Overview On Quilting Rulers


We love our quilting rulers for our projects, but they are not all the same.  Quilting Contessa dives into quilting rulers.

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Overview On Quilting Rulers

Quilters know that you need rulers to make quilts and I think we would all say that we have bought at least one that we have never used. I'm thinking that the reason for this is that designers know that the way to keep their designs proprietary and make money is to invent and sell a new ruler, or better yet, a ruler set.

Overview On Quilting Rulers


Sure, we all must have the basic rulers, and there are many articles online to help you select which ones are best for a first purchase. I don't want to make choosing a ruler sound easy. A quick search of Missouri Star Quilting Company shows 240 rulers listed in their website.


Even the most basic rulers vary a great deal. These two rulers are the same size, made by the same company. Can you guess which one I use, and which one stays in the drawer? Yes! I use the one with the lime highlighting over the black lines. It's easier for me to see. Not everyone would choose the one I chose. People like what is easiest for them. Keep in mind that the ruler should work well with both light and dark fabrics.



For a little history, Omnigrid started marketing rulers in 1985. Not as long ago as you think! After all, rotary cutters were not introduced until 1979. Cutters and rulers became more widespread in the 1980s and by the 1990s were the way to do things.


Rulers are made from acrylic, but the depth varies depending on the use of the ruler. Size is important and they need to be straight, accurate, and durable. Non-slip is important, but there are different systems for achieving this. My husband hated the little round feet that stick on the bottom because they added height away from the fabric, so ours have been removed. A flat tape that grips is probably a better choice. Some people also like to attach a handle to their rulers, especially in a quilt shop.



Specialty rulers include Dresden Plate, Drunkard's Path, hundreds of triangles of any angle, and proprietary rulers like the Squedge. Whether you purchase specialty rulers depends on how often you may use them. Rulers used only once might end up being sold in your guild's garage sale.



If the template you need is included in the pattern, you may choose to make your own ruler from plexiglass or purchased plastic sheets from the craft store. My guild is learning to make a tree ornament for the December meeting. We need a six or eight inch hexagon. You can easily find a template online for the hexagon and make your own ruler.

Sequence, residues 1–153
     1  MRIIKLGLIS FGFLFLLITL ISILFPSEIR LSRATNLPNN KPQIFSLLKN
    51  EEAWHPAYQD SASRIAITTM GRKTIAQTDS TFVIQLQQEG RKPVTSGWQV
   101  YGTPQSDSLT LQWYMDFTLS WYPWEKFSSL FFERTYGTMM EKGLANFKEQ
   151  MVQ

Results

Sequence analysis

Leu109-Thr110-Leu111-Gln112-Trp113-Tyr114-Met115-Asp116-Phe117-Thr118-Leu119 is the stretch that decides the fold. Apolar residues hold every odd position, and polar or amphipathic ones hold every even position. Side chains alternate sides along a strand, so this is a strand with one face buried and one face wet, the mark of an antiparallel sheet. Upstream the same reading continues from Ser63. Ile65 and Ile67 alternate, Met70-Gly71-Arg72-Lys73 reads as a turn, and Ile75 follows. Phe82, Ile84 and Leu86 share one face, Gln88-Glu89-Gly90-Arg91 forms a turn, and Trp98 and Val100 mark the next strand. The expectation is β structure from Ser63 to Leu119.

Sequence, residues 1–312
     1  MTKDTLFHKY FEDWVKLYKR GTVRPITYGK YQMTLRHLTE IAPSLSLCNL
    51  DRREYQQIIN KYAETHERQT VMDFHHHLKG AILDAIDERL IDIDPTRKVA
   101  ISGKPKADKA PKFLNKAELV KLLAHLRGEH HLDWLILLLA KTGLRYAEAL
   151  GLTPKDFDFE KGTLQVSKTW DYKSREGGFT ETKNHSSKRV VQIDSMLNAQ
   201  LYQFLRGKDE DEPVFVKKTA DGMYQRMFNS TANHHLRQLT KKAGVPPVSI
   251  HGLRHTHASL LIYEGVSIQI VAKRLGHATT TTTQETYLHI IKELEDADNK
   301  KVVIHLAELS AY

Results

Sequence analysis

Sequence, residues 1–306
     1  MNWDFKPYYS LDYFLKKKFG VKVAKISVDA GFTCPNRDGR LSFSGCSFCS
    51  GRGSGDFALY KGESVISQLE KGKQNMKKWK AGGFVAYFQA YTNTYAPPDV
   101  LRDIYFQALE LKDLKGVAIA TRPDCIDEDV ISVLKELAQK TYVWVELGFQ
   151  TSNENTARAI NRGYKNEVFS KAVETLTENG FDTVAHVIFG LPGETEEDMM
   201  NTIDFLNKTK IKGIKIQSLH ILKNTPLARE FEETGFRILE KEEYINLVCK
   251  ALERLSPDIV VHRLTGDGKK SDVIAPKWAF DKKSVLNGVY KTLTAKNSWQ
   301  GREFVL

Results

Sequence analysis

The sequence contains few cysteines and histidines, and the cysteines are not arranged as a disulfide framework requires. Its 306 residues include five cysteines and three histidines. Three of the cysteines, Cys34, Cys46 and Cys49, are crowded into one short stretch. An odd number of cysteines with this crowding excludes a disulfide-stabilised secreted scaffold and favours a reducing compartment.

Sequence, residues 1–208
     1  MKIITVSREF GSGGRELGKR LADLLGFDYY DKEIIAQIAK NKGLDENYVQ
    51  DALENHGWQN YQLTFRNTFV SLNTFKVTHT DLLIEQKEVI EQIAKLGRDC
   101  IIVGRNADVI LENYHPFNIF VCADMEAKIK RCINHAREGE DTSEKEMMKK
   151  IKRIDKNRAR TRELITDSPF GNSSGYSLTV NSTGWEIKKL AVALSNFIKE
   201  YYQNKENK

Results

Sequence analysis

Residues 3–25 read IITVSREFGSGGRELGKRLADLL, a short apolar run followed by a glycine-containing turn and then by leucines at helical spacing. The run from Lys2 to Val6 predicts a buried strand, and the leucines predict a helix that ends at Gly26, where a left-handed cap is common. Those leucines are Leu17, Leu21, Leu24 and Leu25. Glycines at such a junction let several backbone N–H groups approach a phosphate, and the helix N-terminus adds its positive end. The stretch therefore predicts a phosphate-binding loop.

Rulers used for machine quilting are a whole other universe. This photo shows the difference in thickness between cutting rulers and quilting rulers. The thicker one is the quilting ruler and works next to the hopping foot on a longarm. Rulers must be kept in good condition, so woe unto the quilter that uses a quilting ruler for cutting and puts a "skip" in it.



Because there is so much to know about both types of rulers, maybe someone needs to write an encyclopedia of rulers?


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Accessories that are available for sewing machines and are especially made for quilting.
Machine Quilting
Creating quilting stitches on a quilt using a sewing machine instead of sewing them by hand.
A heavy plastic measuring guide that can come in a variety of shapes and sizes.
A large central star, made up of diamond shaped fabric or a square with right triangles, to form the star points from the center out.
Pattern pieces made out of paper, cardboard, plastic or metal, giving you something to draw around so that you can accurately replicate any shape.
Debi Warner
Author and humorist, Debi Warner, retired after many years as a clinical librarian and information specialist. She has her Master’s in Library and Information Science and achieved a Distinguished level in the Medical Library Association’s Association of Health Information Professionals. She has worked on teaching physicians to use computers and electronic resources. She also worked on several grants teaching the public how to use the National Library of Medicine’s MedlinePlus public database and is co-author of several articles on health literacy. She took up quilting after retirement in 2012 and chaired the Rio Grande Valley Quilt Show in 2019. She currently teaches several quilting classes over Zoom and writes for QuiltingHub.
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